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Point-Du-Jour Military Cemetery, Athies

  • Country France
  • Total identified casualties 396 Find these casualties
  • Region Pas de Calais
  • Identified casualties from First & Second World War
  • GPS Coordinates Latitude: 50.31377, Longitude: 2.83578

Location information

Leave St-Laurent Blagny on the D42 (Athies to Biache St Vaast) and drive into the village of Athies-les-Arras. After 500 metres take a left turn onto the Rue du Chauffour. Continue for 1.2 kilometres down a small track and the cemetery will be seen on the right.

Visiting information

Wheelchair access to this cemetery is possible, but may be by alternative entrance. For further information regarding wheelchair access, please contact our Enquiries Section on 01628 507200.

Download Cemetery Plan

History information

Athies was captured by the 9th (Scottish) Division, which included the South African Brigade, on 9 April 1917. It remained in Allied hands until the end of the war.

Point-Du-Jour was a house on the road from St. Laurent-Blangy to Gavrelle and by 1917 it had become a German redoubt, captured by the 34th Division on 9 April.

Two cemeteries were made on the right of the road from St. Laurent-Blangy to Point-du-Jour, No.1 Cemetery becoming the present Point-Du-Jour Military Cemetery. It was used from April to November 1917, and again in May 1918, and contained at the Armistice 82 graves (now part of Plot I). It was then enlarged when over 650 graves were brought in from the battlefields and small cemeteries north, east and south of Arras, including:-

BROWN'S LINE CEMETERY, ST. LAURENT-BLANGY, about 800 metres North of that village, was named from one of the objectives on the 9th April 1917. It contained the graves of 32 soldiers from South Africa and one from the United Kingdom, who fell on that day.

EFFIE TRENCH CEMETERY, ATHIES, was 500 metres South of the Point-du-Jour. It contained the graves of 22 soldiers of the 1st East Lancs and the Royal Field Artillery, who fell in April and May 1917.

EVIN-MALMAISON COMMUNAL CEMETERY contained the graves of six soldiers from the United Kingdom and one from Canada, buried by the enemy in 1917; one of these graves was not removed.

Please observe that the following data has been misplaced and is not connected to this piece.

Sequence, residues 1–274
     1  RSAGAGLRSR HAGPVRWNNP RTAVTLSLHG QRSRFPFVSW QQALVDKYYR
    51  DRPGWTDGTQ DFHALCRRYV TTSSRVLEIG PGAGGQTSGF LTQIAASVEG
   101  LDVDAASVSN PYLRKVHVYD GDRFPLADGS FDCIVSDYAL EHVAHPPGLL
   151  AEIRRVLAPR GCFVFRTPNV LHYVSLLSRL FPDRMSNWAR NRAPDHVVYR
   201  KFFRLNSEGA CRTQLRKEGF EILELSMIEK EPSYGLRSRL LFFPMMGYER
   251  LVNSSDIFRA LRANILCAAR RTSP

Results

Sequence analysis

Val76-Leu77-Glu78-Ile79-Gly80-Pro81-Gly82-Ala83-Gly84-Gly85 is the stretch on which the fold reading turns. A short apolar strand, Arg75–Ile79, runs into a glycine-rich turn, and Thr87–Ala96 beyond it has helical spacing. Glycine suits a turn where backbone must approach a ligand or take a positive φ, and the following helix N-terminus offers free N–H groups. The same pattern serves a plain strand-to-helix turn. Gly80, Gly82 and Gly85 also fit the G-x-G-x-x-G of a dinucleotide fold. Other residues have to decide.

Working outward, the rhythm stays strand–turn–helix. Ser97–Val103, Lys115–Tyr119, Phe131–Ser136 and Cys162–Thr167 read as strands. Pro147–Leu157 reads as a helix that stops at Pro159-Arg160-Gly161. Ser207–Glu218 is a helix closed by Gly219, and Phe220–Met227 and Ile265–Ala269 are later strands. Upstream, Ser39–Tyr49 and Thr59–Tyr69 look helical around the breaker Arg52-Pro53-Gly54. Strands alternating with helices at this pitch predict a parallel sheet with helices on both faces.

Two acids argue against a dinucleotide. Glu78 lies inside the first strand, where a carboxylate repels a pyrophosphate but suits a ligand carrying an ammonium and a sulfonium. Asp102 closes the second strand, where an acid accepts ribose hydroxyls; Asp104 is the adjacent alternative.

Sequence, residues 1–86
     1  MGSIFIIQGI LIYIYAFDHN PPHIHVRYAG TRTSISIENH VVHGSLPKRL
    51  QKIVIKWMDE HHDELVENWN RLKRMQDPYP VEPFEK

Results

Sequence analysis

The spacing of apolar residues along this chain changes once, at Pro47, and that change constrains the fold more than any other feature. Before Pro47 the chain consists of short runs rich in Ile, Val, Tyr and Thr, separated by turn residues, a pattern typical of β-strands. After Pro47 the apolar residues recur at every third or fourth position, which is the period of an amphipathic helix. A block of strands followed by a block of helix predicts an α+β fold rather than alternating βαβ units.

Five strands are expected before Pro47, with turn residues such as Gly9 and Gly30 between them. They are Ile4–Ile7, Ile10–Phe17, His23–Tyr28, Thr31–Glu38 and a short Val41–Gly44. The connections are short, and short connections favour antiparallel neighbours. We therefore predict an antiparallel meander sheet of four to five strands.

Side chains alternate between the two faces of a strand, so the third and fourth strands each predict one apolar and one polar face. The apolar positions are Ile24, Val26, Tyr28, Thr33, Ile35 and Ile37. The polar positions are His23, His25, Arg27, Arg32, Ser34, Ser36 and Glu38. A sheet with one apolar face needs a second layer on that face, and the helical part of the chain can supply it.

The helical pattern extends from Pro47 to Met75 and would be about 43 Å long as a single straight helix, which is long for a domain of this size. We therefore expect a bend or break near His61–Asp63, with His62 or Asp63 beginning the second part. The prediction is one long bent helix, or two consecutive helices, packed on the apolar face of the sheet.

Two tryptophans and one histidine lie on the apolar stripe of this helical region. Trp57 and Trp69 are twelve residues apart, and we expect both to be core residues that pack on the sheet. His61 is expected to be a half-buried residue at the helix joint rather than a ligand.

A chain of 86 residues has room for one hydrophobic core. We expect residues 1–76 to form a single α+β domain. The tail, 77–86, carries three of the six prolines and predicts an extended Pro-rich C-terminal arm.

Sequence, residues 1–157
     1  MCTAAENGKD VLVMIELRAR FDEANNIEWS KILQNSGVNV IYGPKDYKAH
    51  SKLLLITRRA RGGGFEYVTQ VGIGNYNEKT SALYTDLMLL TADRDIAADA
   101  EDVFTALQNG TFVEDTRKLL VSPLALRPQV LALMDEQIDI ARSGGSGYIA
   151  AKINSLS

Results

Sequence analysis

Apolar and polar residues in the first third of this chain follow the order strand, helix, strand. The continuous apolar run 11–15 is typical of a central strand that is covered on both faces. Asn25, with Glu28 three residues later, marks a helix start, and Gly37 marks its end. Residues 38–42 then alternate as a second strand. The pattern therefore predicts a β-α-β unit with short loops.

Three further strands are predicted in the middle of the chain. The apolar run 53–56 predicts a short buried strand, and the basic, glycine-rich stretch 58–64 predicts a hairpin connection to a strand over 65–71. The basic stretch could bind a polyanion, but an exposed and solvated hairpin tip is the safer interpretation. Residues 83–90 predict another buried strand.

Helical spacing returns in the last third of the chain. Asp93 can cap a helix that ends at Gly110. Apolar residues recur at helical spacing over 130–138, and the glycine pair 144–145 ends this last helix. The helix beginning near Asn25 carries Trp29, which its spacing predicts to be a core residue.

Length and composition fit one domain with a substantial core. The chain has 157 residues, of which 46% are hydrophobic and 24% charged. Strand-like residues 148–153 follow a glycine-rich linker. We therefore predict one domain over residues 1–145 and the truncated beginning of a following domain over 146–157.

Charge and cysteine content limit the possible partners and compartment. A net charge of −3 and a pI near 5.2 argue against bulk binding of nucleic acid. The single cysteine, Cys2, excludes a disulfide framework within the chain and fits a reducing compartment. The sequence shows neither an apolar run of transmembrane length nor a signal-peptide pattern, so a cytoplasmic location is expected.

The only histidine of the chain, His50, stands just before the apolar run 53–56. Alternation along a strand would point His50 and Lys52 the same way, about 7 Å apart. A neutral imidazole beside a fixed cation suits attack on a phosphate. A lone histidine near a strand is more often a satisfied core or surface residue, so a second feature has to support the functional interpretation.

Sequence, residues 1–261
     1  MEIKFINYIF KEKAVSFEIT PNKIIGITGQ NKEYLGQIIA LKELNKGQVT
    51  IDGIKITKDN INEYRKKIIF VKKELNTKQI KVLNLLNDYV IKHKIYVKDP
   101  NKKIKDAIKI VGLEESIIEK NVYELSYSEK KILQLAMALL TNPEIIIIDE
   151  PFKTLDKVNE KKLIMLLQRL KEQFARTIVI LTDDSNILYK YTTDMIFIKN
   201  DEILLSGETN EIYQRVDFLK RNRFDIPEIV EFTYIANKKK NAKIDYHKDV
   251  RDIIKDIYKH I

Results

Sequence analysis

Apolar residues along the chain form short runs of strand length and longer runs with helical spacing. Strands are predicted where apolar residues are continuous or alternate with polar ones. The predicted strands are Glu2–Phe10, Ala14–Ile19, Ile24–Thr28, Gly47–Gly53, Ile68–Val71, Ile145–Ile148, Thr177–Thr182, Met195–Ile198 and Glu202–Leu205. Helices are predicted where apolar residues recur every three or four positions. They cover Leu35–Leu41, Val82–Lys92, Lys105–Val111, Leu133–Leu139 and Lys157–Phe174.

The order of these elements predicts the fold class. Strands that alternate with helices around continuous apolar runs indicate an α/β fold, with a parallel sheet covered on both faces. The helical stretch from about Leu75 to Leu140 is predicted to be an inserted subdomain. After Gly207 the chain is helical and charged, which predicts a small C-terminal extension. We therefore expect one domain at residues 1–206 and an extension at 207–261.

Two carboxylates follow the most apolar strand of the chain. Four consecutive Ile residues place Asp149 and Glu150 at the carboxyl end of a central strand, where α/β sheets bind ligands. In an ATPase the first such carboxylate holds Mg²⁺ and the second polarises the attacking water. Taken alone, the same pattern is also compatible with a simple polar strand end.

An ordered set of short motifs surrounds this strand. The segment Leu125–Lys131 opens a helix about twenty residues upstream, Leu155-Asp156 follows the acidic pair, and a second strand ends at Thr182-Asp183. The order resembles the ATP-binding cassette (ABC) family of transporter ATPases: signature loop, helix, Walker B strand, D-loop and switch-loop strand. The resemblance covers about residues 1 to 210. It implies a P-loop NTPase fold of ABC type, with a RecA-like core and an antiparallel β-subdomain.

HENIN-LIETARD COMMUNAL CEMETERY contained the graves of 13 soldiers of the 12th (Eastern) Division, which occupied Henin-Lietard on the 12th October 1918.

LONELY HOUSE CEMETERY, GAVRELLE, between the Point-du-Jour and Gavrelle, contained the graves of 25 sailors, soldiers and Marines from the United Kingdom, who fell in April-July 1917.

POINT-DU-JOUR MILITARY CEMETERY No.2, which was very close to the present cemetery, contained the graves of 15 soldiers from the United Kingdom who fell in April-June 1917.

QUARRY CEMETERY, FAMPOUX, at the West end of Fampoux village, contained the graves of 25 soldiers from the United Kingdom and eight from South Africa, who fell on the 11th and 12th April 1917.

There are now 794 Commonwealth servicemen of the First World War buried or commemorated in this cemetery. 401 of the burials are unidentified but special memorials commemorate 22 casualties known or believed to be buried among them. Other special memorials record the names of six casualties buried in other cemeteries, whose graves were destroyed by shell fire. There are also three Second World War burials and three French war graves.

The cemetery was designed by Sir Reginald Blomfield.

There are two memorials in the vicinity, one of which commemorates the 9th Division, whilst the other commemorates the service of seven Battalions of the Seaforth Highlanders in the neighbourhood.